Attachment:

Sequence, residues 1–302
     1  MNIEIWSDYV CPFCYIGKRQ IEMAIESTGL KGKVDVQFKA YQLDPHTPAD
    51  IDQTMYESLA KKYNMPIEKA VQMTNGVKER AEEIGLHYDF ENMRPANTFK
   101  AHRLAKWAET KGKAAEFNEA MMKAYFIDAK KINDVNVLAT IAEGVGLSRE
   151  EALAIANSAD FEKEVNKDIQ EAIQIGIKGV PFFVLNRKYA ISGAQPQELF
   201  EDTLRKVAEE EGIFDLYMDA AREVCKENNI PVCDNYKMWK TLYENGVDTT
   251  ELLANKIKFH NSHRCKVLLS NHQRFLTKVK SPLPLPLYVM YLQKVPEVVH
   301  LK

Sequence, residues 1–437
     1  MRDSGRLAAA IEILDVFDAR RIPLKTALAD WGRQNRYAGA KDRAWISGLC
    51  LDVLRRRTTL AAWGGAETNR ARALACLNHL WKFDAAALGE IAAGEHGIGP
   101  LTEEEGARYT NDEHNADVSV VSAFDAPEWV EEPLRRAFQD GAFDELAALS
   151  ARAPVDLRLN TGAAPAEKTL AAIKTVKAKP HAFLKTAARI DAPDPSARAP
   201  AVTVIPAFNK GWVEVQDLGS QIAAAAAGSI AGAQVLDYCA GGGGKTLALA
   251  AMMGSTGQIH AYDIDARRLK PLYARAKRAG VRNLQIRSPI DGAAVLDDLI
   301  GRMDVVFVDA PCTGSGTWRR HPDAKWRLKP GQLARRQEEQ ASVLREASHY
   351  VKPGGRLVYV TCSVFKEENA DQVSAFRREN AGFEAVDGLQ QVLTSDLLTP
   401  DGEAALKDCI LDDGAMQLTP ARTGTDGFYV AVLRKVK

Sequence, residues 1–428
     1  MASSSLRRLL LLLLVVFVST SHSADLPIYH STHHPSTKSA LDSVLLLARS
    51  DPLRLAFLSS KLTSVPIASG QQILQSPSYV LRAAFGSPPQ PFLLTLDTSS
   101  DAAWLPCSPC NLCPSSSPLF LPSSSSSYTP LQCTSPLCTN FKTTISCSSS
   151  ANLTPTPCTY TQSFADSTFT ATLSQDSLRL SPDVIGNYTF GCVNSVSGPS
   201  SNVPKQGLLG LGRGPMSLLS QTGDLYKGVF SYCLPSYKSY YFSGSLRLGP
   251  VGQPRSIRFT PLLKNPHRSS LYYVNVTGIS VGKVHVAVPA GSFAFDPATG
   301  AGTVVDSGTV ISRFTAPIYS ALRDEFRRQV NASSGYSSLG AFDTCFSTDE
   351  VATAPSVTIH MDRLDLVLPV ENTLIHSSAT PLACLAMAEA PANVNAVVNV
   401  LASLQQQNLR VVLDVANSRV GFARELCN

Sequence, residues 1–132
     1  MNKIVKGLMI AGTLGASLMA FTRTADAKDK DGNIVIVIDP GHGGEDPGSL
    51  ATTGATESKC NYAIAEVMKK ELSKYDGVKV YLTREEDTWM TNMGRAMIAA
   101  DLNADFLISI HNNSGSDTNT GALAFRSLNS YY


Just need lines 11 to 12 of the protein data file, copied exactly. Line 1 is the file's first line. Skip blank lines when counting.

    51  LDVLRRRTTL AAWGGAETNR ARALACLNHL WKFDAAALGE IAAGEHGIGP
   101  LTEEEGARYT NDEHNADVSV VSAFDAPEWV EEPLRRAFQD GAFDELAALS